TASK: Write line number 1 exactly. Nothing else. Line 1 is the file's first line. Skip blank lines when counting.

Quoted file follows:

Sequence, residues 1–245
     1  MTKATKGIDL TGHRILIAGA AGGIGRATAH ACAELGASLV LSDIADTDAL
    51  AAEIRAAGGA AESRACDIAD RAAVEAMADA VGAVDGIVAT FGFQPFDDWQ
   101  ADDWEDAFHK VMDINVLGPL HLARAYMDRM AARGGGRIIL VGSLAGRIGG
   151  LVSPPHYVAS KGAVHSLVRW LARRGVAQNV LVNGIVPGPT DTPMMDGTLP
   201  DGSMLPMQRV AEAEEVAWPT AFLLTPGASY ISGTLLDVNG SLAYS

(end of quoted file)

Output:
Sequence, residues 1–245